r, 73 FR 74735, December 9, 2008, and comments were invited on both the notice of proposed rulemaking and system of records notice. The notice of proposed rulemaking did not receive public comments. The system of records notice received one public comment.
The notice of proposed rulemaking did not receive public comments. The system of records notice received one public comment. The public comment was an expression of an individual's personal opinions and unrelated to the system of records notice. DHS will implement the rulemaking as proposed.
List of Subjects in 6 CFR Part 5
Freedom of information; Privacy.
For the reasons stated in the preamble, DHS amends Chapter I of Title 6, Code of Federal Regulations, as follows:
PART 5--DISCLOSURE OF RECORDS AND INFORMATION
1. The authority citation for Part 5 continues to read as follows:
Pub. L. 107-296, 116 Stat. 2135; (6 U.S.C. 101 et seq.); 5 U.S.C. 301. Subpart A also issued under 5 U.S.C. 552. Subpart B also issued under 5 U.S.C. 552a.
2. At the end of Appendix C to Part 5, add the following new paragraph 50 to read as follows:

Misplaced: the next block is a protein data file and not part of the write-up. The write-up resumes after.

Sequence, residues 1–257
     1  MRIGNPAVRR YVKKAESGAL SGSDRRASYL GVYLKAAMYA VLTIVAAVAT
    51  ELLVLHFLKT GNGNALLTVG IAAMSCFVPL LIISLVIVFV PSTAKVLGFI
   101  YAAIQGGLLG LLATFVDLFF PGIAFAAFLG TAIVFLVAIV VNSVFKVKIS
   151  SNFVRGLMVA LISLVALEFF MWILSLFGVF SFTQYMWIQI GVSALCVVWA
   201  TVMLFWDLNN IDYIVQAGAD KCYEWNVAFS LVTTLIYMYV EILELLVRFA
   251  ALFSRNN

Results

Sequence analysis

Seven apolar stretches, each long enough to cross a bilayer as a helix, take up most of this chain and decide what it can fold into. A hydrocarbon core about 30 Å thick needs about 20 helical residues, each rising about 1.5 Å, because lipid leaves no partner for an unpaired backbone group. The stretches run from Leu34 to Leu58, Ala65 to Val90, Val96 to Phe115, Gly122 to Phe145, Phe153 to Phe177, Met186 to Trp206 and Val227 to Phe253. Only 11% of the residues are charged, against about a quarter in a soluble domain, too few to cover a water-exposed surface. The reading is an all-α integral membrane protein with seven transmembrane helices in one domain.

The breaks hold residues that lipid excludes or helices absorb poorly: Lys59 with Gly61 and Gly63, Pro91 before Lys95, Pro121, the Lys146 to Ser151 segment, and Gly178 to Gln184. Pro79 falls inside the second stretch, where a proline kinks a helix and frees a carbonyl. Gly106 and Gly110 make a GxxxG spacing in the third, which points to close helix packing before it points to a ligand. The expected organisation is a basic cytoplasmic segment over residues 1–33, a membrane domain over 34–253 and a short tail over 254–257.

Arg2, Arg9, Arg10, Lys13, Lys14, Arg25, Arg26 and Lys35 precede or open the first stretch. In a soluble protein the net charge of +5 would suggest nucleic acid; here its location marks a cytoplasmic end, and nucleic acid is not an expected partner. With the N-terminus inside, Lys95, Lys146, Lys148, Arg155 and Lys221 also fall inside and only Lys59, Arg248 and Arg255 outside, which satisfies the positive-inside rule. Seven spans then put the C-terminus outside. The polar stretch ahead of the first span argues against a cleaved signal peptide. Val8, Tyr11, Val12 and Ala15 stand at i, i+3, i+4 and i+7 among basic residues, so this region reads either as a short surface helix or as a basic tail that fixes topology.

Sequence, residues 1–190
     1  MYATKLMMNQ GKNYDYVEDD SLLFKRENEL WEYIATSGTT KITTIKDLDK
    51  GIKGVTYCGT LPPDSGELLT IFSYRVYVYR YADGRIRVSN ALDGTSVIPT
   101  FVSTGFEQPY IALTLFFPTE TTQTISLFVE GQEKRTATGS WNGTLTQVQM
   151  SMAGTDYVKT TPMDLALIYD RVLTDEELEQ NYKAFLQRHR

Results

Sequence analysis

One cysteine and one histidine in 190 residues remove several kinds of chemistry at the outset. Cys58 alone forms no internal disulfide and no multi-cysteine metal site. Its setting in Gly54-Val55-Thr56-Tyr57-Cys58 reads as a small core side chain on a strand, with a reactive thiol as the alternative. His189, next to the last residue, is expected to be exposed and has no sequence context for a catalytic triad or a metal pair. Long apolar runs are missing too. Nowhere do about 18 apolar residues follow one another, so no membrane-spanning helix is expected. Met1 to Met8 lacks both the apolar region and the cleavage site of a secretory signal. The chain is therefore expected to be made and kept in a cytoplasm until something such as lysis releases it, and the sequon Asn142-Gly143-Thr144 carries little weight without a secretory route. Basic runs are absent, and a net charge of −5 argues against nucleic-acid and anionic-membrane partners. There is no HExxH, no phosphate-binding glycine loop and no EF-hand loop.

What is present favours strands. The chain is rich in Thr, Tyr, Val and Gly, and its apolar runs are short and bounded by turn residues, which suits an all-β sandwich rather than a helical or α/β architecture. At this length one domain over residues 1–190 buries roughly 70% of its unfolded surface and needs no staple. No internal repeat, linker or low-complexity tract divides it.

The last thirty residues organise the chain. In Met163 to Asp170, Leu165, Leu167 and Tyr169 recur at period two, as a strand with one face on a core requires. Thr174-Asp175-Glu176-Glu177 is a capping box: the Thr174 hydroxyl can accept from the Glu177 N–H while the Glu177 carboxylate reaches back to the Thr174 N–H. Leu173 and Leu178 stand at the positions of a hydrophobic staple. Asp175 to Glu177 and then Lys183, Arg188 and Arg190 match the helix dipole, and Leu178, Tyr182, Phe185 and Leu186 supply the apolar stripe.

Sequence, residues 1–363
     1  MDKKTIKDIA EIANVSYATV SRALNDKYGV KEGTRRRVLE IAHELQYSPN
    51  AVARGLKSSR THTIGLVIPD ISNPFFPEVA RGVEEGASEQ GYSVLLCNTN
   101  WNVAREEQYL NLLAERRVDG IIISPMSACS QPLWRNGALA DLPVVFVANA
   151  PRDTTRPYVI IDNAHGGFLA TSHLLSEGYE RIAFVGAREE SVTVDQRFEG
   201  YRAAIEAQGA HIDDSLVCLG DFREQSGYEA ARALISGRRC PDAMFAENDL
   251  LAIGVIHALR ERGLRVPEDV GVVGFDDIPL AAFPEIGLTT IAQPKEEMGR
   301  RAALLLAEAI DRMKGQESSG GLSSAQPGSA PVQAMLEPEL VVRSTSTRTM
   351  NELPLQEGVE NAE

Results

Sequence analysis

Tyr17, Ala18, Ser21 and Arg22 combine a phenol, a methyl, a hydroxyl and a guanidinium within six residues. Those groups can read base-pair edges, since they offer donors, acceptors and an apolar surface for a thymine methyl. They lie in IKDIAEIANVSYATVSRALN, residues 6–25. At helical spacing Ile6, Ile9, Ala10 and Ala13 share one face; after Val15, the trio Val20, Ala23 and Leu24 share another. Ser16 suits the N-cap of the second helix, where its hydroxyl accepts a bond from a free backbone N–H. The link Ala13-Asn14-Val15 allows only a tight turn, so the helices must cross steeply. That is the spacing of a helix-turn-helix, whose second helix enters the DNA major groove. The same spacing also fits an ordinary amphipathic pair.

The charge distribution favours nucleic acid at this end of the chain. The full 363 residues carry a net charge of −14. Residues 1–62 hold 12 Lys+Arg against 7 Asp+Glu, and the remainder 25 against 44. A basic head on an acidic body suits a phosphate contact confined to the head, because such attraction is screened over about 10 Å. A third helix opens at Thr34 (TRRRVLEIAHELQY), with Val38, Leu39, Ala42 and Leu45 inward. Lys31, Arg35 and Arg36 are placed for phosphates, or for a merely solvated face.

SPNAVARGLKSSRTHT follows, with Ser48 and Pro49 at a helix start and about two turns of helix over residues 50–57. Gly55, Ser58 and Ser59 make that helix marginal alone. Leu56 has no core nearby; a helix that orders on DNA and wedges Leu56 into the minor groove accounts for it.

Appendix C to Part 5--DHS Systems of Records Exempt From the Privacy Act
* * * * *
50. The Immigration and Customs Enforcement (ICE)--006 Intelligence Records System (IIRS) consists of electronic and paper records and will be used by the Department of Homeland Security (DHS). IIRS is a repository of information held by DHS in connection with its several and varied missions and functions, including, but not limited to: the enforcement of civil and criminal laws; investigations, inquiries, and proceedings thereunder; and national security and intelligence activities. IIRS contains informati
on that is collected by other federal and foreign government agencies and may contain personally identifiable information. Pursuant to exemption 5 U.S.C. 552a(j)(2) of the Privacy Act, portions of this system are exempt from 5 U.S.C. 552a(c)(3) and (4); (d); (e)(1), (e)(2), (e)(3), (e)(4)(G), (e)(4)(H), (e)(5) and (e)(8); (f), and (g). Pursuant to 5 U.S.C. 552a(k)(2), this system is exempt from the following provisions of the Privacy Act, subject to the limitations set forth in those subsections: 5 U.S.C. 5